Google Reader is a web application that delivers material that has been published in the RSS format to users. It uses it’s own delivery method in which it checks with the publisher every so often to see if new content is available.

Now I will switch from definitions to analogies, because analogies help me understand things.

If I visit RSS formatted feeds manually using my browser as the delivery method– I go on a walk through town whenever I have time, Β and visit all of the newspaper press buildings to see new content has been printed since I was last there. This takes a while because I need to travel to New York for the Times, DC for the Post, Chicago for the Tribune, etc…

If I use Google Reader (or another aggregator)Β as the delivery method for my RSS formatted news– I go on a walk every once and a while to my favorite news stand to see if they have any changes in content available from the newspapers I like.

If I use Twitter as the delivery method and format for my news– I go on a walk to the building in San Francisco which Twitter uses to publish content as it happens. This is great because it’s available as soon as somebody submits it. Every once and a while, I even choose a building in another city to look at content delivered by Twitter. These buildings have agreements to be notified of any news coming out of Twitter headquarters as soon as it happens. There are some other buildings that don’t have agreements, but they still check with Twitter headquarters every once and a while, and I can check new material from them when I go to the newspaper stand.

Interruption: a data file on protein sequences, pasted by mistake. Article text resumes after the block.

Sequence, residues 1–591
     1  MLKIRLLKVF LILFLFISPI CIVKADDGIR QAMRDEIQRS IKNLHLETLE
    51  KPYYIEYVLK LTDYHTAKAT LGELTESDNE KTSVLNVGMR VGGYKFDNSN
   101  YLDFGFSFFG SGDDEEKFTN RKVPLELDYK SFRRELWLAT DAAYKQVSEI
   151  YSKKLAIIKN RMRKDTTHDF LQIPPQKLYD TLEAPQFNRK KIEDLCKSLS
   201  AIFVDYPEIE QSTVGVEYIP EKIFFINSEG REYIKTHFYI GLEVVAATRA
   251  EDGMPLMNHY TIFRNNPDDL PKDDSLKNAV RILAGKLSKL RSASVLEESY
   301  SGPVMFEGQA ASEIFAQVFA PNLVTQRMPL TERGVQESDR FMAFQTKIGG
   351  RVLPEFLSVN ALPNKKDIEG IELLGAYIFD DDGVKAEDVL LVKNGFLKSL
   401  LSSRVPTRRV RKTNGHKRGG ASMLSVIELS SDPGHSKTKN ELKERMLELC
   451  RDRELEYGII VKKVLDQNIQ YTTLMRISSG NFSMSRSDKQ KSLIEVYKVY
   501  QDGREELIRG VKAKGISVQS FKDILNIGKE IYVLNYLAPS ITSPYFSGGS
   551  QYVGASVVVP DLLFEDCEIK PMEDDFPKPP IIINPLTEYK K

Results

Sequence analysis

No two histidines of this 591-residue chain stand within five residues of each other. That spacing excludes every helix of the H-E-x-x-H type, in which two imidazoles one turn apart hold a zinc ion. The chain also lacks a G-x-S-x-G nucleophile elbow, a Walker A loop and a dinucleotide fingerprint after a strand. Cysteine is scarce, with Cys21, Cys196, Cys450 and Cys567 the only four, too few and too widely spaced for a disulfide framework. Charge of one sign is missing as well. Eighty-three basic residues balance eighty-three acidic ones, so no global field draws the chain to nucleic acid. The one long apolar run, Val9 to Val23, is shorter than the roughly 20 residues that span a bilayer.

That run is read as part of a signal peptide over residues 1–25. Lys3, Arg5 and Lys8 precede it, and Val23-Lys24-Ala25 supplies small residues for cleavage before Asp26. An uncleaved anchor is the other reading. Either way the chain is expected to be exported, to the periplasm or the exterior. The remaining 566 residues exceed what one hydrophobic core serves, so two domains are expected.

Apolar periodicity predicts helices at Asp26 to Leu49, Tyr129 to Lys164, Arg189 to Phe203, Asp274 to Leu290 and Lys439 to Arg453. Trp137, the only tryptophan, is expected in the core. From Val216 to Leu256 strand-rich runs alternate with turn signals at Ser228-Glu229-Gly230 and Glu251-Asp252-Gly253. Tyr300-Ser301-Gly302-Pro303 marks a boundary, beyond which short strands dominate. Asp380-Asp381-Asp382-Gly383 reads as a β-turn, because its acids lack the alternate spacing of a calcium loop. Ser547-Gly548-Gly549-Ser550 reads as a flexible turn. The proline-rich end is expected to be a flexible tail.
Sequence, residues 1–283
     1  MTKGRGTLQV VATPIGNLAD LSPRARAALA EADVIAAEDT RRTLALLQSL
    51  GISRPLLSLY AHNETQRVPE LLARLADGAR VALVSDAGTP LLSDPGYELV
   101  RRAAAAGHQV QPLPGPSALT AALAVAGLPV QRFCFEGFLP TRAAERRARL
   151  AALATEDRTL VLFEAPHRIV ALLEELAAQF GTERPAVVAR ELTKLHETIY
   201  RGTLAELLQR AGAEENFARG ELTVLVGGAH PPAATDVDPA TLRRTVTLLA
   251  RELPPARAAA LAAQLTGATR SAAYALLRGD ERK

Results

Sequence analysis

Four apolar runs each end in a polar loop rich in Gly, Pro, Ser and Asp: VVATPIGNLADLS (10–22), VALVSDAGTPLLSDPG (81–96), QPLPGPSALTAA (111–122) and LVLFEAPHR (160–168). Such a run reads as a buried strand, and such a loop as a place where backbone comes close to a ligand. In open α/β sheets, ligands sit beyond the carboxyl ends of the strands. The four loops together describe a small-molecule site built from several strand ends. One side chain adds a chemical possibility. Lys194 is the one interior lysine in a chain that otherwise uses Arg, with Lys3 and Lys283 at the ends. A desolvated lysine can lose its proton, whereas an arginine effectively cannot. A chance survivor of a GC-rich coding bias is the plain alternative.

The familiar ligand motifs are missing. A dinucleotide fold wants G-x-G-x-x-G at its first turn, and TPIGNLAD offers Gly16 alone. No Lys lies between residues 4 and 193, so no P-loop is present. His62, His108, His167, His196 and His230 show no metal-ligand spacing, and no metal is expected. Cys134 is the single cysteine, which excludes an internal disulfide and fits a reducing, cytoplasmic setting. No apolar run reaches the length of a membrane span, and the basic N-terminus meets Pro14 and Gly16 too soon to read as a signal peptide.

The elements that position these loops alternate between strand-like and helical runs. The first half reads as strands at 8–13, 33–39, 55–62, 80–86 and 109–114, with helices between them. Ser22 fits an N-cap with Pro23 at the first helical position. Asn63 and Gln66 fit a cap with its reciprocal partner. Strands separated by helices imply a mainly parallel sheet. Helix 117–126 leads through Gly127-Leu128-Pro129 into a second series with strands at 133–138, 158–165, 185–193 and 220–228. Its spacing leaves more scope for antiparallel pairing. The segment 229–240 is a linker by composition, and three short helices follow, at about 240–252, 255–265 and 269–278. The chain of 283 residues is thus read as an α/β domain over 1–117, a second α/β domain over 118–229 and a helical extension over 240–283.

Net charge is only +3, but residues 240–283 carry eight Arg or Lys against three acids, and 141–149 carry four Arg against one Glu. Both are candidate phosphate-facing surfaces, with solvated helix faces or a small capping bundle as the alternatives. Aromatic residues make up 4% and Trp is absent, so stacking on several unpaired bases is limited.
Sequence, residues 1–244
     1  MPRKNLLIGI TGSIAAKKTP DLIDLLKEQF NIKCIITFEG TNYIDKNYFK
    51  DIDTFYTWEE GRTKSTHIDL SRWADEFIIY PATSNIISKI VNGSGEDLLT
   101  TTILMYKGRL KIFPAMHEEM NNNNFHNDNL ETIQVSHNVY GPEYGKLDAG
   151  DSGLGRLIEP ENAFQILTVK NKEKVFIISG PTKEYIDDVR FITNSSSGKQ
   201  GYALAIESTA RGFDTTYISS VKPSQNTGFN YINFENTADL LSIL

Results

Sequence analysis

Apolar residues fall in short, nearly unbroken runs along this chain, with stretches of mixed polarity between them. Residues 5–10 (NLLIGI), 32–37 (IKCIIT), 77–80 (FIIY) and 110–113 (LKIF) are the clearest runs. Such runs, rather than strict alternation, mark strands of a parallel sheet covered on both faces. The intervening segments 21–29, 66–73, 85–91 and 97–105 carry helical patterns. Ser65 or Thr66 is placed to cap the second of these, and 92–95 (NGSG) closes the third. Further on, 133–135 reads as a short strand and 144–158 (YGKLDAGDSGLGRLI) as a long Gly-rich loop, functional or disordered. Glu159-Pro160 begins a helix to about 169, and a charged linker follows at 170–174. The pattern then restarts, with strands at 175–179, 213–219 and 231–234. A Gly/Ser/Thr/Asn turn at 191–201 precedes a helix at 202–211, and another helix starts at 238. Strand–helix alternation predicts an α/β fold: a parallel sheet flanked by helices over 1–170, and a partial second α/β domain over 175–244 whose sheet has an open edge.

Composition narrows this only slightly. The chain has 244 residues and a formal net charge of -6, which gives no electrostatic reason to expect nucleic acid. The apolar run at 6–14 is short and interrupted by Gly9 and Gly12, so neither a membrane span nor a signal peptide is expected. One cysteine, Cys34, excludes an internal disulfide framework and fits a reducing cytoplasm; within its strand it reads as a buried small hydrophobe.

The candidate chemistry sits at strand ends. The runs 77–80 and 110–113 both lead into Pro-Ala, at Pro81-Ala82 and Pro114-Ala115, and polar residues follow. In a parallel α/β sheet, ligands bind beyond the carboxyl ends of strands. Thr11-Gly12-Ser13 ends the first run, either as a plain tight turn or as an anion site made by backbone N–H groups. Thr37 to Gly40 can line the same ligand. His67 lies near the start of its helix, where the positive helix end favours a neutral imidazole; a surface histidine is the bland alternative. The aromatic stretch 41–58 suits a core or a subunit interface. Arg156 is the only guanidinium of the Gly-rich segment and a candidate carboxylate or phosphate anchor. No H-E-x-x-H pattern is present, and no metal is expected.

If I’m using rssCloud as the delivery method for my news that is in the RSS format– I stop going for walks. Instead, I have finally decided to sign up for delivery with all of the newspapers that I love to read. I am only required to open my door and read what’s sitting on my porch. I even have access to content that comes from Twitter, because one of the newspapers that I love to read has an agreement to be told of any news from the Twitter system.

Both delivery and format have been around for a while, nobody’s going anywhere. Thanks, Barney Flaherty. πŸ™‚